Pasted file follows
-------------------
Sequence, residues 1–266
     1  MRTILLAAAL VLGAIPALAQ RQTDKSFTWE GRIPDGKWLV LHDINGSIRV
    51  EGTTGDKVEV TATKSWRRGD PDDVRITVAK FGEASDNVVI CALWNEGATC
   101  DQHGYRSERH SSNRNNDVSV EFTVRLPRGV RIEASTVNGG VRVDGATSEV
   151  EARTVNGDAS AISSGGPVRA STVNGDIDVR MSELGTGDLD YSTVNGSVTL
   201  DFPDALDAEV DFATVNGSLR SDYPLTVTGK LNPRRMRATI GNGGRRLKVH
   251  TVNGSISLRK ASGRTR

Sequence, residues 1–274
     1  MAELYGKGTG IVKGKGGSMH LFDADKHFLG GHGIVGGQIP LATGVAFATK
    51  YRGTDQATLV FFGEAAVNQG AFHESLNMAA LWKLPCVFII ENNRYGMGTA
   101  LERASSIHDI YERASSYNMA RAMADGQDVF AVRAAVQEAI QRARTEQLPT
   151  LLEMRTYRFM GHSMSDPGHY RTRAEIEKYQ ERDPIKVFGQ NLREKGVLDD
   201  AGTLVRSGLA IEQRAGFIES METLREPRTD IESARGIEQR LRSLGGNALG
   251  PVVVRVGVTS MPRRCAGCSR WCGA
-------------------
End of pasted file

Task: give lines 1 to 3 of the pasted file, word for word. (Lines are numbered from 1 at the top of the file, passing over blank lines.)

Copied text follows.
Sequence, residues 1–266
     1  MRTILLAAAL VLGAIPALAQ RQTDKSFTWE GRIPDGKWLV LHDINGSIRV
    51  EGTTGDKVEV TATKSWRRGD PDDVRITVAK FGEASDNVVI CALWNEGATC